Just three games into the round-of-16 of Euro2020 and we have our first upset as Czech Republic pulled out a stunning 2-0 victory over the Netherlands in Budapest.
They were deserving of their win, more composed, more careful and unquestionably more decisive than the Dutch, who take with them a 100 per cent record in the group stages with absolutely nothing else to show for it. Tomas Holes gave Czech Republic the lead on 68 minutes, meeting Tomas Kalas’ header with one of his own, before Patrick Schick netted his fourth goal of the European Championships 10 minutes from time.
It is a result that opens up the more open side of the bracket. The Czech Republic will face Denmark in the quarter-finals next Saturday (3 July) with a very real chance of reaching the semi-final stage as they did in 1996.
Naturally given what we had seen so far, many had pencilled the Dutch in for that spot, not least the Dutch themselves. And among bemoaning a missed opportunity, the defeated will dwell on an incident seven minutes after half-time that turned the match on its head.
The deciding moment was unequivocally the sending off of Netherlands defender Matthijs de Lift after he handled the ball to prevent Schick from a free run at goal. As the free-kick was set, a VAR check confirmed the Juventus defender had to be given his marching orders.
From then on, there was only one winner, but primarily on the balance of play. Despite dominating the first half and throwing themselves forward in desperation at the end, Netherlands failed to register a single shot on target. A statistic that hides the fact Donyell Malen should have given them the lead 27 seconds before de Ligt saw red.
This match was very much a meeting methods. Some might call it “philosophies”. But, really, it was more primitive than that.
Frank De Boer’s 3-4-1-2 had the Netherlands as standout group-stage entertainers, replete with the suspect areas all the very best showmen. Czech Republic on the other hand have arguably been the canniest operator. Jaroslaw Silhavy has implemented a structured yet relatively basic plan, leaning on the diligence of the whole rather than over-reliance on Schick’s creativity. Sharp-witted without ever being witty.
But the knockout stages, whether club or country, offers the unique filter of doing it when it matters most. Contenders and pretenders are separated, and often method and ambition. When the stakes are raised, we find out just how much trust there is in the processes that got these sides to this stage.
The offshoot can be that we, the spectator, are left short-changed. The seriousness of the occasion consuming enjoyment as both teams opt for probabilities over possibilities leading to tedium that has seemingly been reserved for England games this tournament.
Glory, though, to us. For this was nothing of the sort, confirmed when Denzel Dumfries, the wing-back’s wing-back, crossed streams to head from right to left, steaming onto a through-ball over the Czech Republic backline as early as the opening 20 minutes.
That wavy Dutch play we had become accustomed to after three group wins still prevalent in this fourth match. Dumfries bossed the right, while Memphis Depay, Malen and Georgino Wijnaldum drifted and darted into spaces to be found by Frenkie de Jong.
Yet, while they had the run of things, the Czechs who had the more tangible opportunities to rue in a goalless first half. Sharp work between Vladimir Coufal and Petr Sevcik saw the latter cross for Tomas Soucek, whose late dart into the box, a staple of most of his 10 league goals for West Ham this season, resulted in a diving header wide of the far post.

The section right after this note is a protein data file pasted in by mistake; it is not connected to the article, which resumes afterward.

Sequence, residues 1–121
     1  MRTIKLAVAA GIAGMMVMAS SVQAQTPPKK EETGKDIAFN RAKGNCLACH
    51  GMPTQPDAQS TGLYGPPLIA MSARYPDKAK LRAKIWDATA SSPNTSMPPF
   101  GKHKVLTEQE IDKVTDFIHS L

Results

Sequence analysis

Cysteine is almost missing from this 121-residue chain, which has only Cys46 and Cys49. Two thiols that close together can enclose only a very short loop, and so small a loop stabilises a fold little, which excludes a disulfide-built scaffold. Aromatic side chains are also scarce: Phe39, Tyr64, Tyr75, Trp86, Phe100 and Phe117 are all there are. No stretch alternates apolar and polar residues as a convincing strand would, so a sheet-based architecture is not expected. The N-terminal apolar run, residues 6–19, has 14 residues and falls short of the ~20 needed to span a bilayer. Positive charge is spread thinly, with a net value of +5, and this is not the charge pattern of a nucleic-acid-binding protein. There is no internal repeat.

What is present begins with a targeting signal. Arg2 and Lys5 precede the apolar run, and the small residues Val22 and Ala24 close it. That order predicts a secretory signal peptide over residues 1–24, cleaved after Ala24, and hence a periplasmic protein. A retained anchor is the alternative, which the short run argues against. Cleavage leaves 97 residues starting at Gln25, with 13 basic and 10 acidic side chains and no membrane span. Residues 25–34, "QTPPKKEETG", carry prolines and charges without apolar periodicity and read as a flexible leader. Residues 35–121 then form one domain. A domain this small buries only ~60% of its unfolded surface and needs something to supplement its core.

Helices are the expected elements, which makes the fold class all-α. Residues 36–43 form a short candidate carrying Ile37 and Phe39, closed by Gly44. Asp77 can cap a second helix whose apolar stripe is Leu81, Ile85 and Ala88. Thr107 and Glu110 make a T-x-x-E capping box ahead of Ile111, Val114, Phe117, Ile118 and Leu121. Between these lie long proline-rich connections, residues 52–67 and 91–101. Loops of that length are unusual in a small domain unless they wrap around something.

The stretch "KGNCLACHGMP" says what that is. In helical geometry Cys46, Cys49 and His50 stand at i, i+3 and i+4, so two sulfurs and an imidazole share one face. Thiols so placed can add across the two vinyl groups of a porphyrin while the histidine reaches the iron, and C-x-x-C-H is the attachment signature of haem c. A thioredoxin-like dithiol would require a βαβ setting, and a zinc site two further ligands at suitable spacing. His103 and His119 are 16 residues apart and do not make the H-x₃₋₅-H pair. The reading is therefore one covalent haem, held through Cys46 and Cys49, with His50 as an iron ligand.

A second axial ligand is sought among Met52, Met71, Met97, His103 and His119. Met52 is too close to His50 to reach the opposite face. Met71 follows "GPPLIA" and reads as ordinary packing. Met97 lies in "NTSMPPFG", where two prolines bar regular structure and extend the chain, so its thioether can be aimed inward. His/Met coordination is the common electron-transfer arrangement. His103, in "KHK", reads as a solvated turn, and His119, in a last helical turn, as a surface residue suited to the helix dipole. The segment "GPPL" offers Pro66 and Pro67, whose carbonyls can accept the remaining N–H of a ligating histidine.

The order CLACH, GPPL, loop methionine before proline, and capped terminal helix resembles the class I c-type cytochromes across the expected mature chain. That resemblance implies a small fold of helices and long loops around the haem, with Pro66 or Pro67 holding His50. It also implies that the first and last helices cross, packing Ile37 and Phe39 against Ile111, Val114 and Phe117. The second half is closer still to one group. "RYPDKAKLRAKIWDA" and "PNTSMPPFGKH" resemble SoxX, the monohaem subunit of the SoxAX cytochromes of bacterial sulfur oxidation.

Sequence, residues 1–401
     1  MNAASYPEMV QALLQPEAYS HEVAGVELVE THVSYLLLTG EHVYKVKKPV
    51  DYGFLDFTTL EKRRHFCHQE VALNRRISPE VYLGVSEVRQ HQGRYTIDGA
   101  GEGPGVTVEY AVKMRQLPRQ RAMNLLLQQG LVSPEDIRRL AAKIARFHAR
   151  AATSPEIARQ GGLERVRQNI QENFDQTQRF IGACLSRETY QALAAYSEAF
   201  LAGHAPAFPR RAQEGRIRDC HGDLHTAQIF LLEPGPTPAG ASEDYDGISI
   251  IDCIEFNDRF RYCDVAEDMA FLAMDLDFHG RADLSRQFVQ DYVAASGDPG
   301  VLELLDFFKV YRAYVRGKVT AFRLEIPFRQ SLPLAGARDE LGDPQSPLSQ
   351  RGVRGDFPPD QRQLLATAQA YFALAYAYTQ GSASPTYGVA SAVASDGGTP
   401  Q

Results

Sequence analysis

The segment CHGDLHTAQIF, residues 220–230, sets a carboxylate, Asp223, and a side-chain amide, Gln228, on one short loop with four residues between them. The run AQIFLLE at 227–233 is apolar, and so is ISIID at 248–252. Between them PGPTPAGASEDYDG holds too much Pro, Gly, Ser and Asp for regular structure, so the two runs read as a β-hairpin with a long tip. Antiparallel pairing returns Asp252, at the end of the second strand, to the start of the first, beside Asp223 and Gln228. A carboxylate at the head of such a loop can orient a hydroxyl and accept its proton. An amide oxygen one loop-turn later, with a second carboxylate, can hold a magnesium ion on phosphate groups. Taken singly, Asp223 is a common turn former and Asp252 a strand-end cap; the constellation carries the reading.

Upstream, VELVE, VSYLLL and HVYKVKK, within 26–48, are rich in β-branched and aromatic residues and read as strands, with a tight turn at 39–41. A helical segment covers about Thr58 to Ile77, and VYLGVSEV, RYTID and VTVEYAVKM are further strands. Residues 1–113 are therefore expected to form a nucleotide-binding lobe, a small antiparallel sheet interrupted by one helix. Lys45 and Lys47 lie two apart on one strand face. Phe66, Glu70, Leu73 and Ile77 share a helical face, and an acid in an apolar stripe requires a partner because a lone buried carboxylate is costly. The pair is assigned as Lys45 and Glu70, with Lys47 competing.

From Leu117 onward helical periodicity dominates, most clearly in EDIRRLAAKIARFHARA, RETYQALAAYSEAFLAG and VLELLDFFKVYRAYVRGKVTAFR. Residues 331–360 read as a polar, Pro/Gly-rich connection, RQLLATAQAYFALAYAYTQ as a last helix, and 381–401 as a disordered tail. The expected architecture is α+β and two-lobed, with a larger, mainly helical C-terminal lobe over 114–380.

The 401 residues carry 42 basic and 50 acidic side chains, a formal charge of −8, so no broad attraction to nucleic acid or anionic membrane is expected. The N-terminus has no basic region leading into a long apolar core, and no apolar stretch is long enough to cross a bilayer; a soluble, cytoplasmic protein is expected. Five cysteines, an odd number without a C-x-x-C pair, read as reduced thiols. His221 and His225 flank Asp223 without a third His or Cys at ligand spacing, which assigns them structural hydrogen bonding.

Don’t be fooled by the England game. This was the more authentic face of the team that made it through Group D with a professional win over Scotland and the better of a draw with Croatia. They had qualified by the time they arrived at Wembley, and it did not matter to them whether it was in second or third. And underlining that was the fact their five attempts in the first-half here matched their total on the whole against England.
One of those on 38 minutes should have resulted in the opening goal. An attacking overload of white shirts saw Antonin Barak with a free shot on goal that one of the few orange shirts – de Ligt – managed to deflect away for a corner.
This match, however, will be remembered for quite a different de Ligt intervention. Though he may have prevented a free run on goal from Schick, the loss of a man was as much of a gut punch as the best opportunity spurned moments before.
With the last foray forward with 11 Dutch players, Malen darted through the defence and found himself one-on-one. A moment’s hesitation and an unconvincing attempt to round Tomas Vaclik was snuffed out expertly by the 32-year-old goalkeeper. The corresponding return attack brought about the end of an equal contest in terms of personnel.
The effect was clear, as the Netherlands were pinned back in front of their goal, and even more pronounced when the deciding moment arrived. A header from one post to the other for another header were two opportunities a six-foot-two center-back might have come in handy. Barak’s cross from a wide free kick was perfect, matched by Kalas’s recycling and Holes’ finish.
As de Boer scrambled and shouted, Šilhavý quietly urged his team to shift that little bit further forward. And as the Dutch stretched, Holes darted to intercept a defensive header, breezed between Wijnaldum and Dumfries before cutting back to Schick for a typically precise finish.
Long balls forward and dainty footwork around the Czech Republic box were lacking in any purpose or, fundamentally, belief. And understandably so as a team that thrived on vibes were undone by structure. Free spirits shackled by a team who knew their limits and that of their opposition.
The more enjoyable collective has not progressed, but the better team won.